Saturday, April 15, 2006
Good morning one and all, and happy easter!
Yesterday was a red-letter day for me. Freckles (my beagle) and I went for a walk in the morning, to allow him to "do his thing" before I went to work, and we were welcomed to the end of the street by a red fox! It stared at us for a couple of minutes before taking off across the cornfield, but it stopped half way. It became distracted by a couple of crows and it was interesting to watch it try to catch them. Of course, my grand hunting hound only stood there and watched. We watched it until it ran behind a house across the field. It was a little disappointing to it go. On the way back, I spotted some maple seedlings growing up between the sidewalk panels, so I just had to come home and go and relocate a couple. Now before you all start hollering at me for disturbing nature, you need to know that the landscapers are going to trim any and all greenery with a weedwacker next week. So I'm only prolonging the life of those seedlings. My folks and I used to do the same thing up north. We lined the front part of my parents property with cedar seedlings, and almost all of them grew quite nicely with a little TLC.
I'm still doing research into eco-friendly building methods. I've been doing some reading on earth bag building. Basically, the idea is that you fill bags with non-contaminated earth, and use this as the foundation for all walls. The sheer mass of the walls helps regulate temperature as the sun heats up and cools during the course of the day. This is also a wise way to build in earthquake regions because the walls are more flexible than those built with metal framework.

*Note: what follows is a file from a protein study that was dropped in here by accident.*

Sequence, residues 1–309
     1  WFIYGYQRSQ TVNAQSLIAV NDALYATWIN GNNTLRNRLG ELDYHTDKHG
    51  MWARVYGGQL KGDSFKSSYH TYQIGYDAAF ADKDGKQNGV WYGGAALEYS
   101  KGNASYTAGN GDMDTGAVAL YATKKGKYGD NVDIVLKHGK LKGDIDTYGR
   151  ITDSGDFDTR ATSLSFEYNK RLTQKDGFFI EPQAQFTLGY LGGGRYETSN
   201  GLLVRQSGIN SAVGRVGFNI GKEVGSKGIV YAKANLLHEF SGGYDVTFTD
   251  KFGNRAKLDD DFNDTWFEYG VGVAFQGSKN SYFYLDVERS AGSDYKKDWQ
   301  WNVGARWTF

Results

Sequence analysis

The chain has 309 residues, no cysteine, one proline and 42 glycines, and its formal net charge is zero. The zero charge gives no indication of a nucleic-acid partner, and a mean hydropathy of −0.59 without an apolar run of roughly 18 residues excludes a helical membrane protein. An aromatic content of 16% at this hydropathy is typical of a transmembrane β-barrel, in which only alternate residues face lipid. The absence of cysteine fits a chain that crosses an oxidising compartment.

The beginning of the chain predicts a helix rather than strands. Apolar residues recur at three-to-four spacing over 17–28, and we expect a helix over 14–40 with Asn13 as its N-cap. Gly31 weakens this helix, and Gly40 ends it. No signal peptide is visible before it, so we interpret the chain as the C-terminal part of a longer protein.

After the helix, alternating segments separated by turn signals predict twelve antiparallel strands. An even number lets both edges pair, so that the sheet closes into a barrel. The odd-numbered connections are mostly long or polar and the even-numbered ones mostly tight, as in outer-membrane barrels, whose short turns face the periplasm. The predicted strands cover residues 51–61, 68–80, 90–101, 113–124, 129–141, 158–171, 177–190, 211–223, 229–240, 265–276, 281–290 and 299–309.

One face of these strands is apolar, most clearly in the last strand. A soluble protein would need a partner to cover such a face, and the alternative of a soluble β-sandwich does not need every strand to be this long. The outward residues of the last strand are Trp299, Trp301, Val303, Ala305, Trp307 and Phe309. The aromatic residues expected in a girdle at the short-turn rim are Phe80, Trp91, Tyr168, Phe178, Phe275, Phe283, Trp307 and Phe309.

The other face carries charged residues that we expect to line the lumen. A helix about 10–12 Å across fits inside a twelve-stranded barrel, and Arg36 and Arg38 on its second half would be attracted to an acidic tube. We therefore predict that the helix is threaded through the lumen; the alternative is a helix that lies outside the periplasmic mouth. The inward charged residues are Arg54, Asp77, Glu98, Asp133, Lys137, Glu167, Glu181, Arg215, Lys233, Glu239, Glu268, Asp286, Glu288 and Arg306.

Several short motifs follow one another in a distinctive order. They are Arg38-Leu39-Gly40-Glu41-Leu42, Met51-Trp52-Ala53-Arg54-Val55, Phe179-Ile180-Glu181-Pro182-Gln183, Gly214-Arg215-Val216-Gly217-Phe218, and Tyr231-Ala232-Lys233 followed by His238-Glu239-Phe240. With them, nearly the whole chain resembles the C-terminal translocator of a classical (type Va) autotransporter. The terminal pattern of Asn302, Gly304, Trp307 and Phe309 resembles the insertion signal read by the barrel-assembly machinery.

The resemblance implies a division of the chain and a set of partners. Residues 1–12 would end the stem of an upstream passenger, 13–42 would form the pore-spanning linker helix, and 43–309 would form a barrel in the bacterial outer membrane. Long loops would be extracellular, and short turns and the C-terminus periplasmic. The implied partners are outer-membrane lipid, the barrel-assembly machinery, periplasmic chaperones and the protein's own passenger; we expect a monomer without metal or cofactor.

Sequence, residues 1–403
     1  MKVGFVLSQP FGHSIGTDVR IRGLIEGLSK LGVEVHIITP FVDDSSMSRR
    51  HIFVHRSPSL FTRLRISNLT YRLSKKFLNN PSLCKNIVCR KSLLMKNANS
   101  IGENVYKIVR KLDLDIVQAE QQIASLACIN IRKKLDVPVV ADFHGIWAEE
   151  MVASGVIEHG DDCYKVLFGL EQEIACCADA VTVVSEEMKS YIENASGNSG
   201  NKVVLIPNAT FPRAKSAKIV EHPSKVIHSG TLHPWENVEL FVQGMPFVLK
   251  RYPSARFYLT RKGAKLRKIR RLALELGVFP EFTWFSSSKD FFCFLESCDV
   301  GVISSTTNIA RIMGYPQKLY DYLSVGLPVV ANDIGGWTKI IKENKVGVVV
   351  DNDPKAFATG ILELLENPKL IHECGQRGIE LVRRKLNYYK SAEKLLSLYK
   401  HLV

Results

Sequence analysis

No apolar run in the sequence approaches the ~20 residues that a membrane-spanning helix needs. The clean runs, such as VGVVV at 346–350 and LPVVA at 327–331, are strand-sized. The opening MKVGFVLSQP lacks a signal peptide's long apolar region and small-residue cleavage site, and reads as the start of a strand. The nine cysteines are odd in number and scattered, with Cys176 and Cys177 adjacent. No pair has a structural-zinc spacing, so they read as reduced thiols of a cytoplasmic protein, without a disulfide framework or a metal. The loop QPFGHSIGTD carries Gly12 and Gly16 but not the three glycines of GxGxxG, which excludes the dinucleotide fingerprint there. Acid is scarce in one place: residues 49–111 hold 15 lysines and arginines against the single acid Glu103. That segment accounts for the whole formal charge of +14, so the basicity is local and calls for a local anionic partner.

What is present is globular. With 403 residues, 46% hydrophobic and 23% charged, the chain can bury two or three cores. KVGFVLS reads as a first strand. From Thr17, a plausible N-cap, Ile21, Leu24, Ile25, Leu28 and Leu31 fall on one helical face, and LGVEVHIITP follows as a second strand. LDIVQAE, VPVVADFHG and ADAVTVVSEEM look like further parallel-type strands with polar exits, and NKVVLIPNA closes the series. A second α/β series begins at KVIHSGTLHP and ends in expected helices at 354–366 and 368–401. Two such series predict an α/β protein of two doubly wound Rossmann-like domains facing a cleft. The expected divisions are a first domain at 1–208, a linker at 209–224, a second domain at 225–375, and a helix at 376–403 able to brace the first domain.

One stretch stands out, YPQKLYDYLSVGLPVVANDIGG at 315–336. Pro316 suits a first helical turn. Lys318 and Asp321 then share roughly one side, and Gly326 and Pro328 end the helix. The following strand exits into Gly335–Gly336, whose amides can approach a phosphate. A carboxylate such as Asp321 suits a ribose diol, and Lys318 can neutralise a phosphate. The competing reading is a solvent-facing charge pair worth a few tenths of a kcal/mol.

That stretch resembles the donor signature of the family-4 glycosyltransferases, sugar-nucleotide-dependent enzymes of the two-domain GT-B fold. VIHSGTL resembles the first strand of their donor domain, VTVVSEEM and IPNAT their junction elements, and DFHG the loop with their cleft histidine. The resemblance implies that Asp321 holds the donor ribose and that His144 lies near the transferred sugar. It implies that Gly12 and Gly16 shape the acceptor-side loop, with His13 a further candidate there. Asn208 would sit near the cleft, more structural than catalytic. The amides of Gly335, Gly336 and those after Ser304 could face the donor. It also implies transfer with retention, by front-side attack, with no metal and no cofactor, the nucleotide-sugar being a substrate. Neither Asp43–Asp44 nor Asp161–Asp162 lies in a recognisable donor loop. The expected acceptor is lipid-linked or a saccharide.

Adobe is also an ancient building technique that is enjoying a rebirth. There are adobe villages in the American Southwest that have lasted hundreds of years, and if that doesn't convince you that there is something to these methods, then nothing will. Another perk I didn't know about before is that earth shelters absorb sound, smells, moisture and moderate humidity. This means no mold, a more silent home, and a more comfortable environment. All at a fraction of the cost we would pay for a home like the Jones have down the street. And there is no reason for a owner built home (or even one partially owner built) to loo like something out of the seventies. With a little foreplanning and logic, a home could be designed and created that will be pleasing and envied instead of ridiculed. Did I mention the inexpensiveness of natural building?
If you'd like to know more, or know someone who would enjoy it, get a grip on a book called "The Art of Natural Building", edited by Kennedy, Smith, and Wanek.
Well, time to get a kidlet in the tub, talk to you later!